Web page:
A New Jersey federal judge overseeing the Benicar Multi-District Litigation (“MDL”) has ordered the production of non-party patient medical records relied upon by experts in forming their opinions. The court held that under Federal Rule 26(a)(2)(B)(ii), the information in those records constitute “facts and data considered” by plaintiffs’ experts. See In re Benicar (Omesartan) Products Liability Litigation, No 1:15-md-2606, 2017 WL 970263 (D.N.J. Mar. 13, 2017). This well-reasoned federal opinion is instructive for counsel faced with experts who purport to base their opinion, at least in part, on non-plaintiff patient data.
The scope of expert disclosures required under Rule 26 was changed in 2010 from “data or other information considered” by the expert (emphasis added), to “facts or data considered” by the expert. This change reflected a concern that the earlier iteration of Rule 26 broadly included disclosure of the thoughts and legal impressions of counsel, and in the advisory committee’s own words, “[t]he refocus of disclosure on ‘facts or data’ is meant to limit disclosure to material of a factual nature by excluding theories or mental impressions of counsel.” Rule 26(a)(2)(B)(ii) advisory committee note to 2010 amendment.
It is this “refocus on the disclosure on ‘facts and data’” that formed the basis for the court’s decision in Benicar. In the Benicar MDL, two of the plaintiffs’ experts confirmed during depositions that they had considered the medical records of patients who were not plaintiffs in reaching their opinions. Over plaintiffs’ objection, the New Jersey federal judge determined that the patient medical records reviewed by plaintiffs’ experts were the type of “facts and data considered” which must be disclosed under Rule 26(a)(2)(B)(ii). In arriving at its opinion, the Benicar court looked to the comments to Rule 26(a)(2)(B)(ii) which state that the intention of the drafters “is that ‘facts or data’ be interpreted broadly to require disclosure of any material considered by the expert, from whatever source, that contains factual ingredients.” Rule 26(a)(2)(B)(ii) advisory committee note to 2010 amendment. With this guidance, the court adopted a “pro-discovery” position taken by “[a] majority of courts” wherein “‘pursuant to Rule 26(a)(2)(B), a party must disclose all information provided to its testifying expert for consideration in the expert’s report[.]’” In re Benicar at *2 (quoting Synthes Spine Co., L.P. v. Walden, 232 F.R.D. 460, 463 (E.D. Pa. 2005)). The court also adopted a “broad definition of ‘considered’” which would require “the disclosure of all information a testifying expert ‘generates, reviews, reflects upon, reads, and/or uses in connection with the formulation of his opinions, even if such information is ultimately rejected.’” Id. at *2.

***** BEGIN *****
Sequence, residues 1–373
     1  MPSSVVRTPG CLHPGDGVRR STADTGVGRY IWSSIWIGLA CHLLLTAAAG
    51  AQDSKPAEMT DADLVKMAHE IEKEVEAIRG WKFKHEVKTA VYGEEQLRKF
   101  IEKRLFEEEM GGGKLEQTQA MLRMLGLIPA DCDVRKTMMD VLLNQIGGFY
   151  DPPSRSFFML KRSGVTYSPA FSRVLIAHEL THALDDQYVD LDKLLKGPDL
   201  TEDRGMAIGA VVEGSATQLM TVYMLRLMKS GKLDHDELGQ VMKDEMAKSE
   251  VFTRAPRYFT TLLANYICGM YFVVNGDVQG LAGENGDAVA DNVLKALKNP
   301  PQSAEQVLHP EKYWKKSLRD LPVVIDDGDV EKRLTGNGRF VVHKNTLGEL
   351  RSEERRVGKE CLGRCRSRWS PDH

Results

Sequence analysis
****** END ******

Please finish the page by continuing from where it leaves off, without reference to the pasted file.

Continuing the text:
The judge was not persuaded by the arguments proffered by plaintiffs in opposition to the requested disclosure. Id. at *3. First plaintiffs argued that their experts “do not own or control the records, and they do not have the right to produce the records.” Id. The court held that this argument was conclusory and not substantiated by any competent evidence, noting that contrary to the plaintiffs’ assertion, because the experts were able to access the records to review them “it is likely they have ‘possession, custody or control’ of the records.” Id.
Next, plaintiffs made a proportionality objection to the production of the patient records arguing in sum that it would be burdensome to identify, collect, redact and produce the requested records. Putting the irony of this argument aside, the court rejected plaintiffs’ proportionality objection on the basis that plaintiffs did not provide any proof to support this objection. Moreover, the court noted that in this case, the plaintiffs’ experts had testified to considering a “discrete, identifiable and manageable number of records.” The court concluded that “[g]iven the importance plaintiffs place upon their experts’ opinions and clinical experience, plaintiffs’ proportionality objection is rejected.” Id.
Third, plaintiffs argued that if the court ordered production of the requested records, it would effectively deter future qualified experts who treat and study patients with the condition at issue because of the “expense and disruption it would cause.” Id. at *4. The court rejected this argument for two reasons: first, the plaintiffs presented no evidence to support this claim and second, the “plaintiffs’ concerns do not trump the Federal Rules of Civil Procedure” which “require testifying experts to produce all facts and data they consider in reaching their opinions.” Id. The court explained that there is “no exception for paid trial experts who happen to be treating physicians.” Id.
Last, the court found no merit in an argument presented only orally, that the record review was done years ago and before the experts were retained for trial, holding that “[t]here is no temporal limitation in Rule 26(a)(2)(B).” Id. at n. 6.
It is worthy to note that although the Benicar court adopted a broad interpretation of the term “facts and data considered,” the court inserted a footnote in its opinion which limited its ruling to situations where, “testifying experts considered and relied upon a discrete and identifiable set of records.” Id. Accordingly, it remains to be seen whether the same disclosure requirement would be imposed where an expert purports to base an opinion more generally on patient medical records reviewed or considered in the course of an expert’s clinical experience.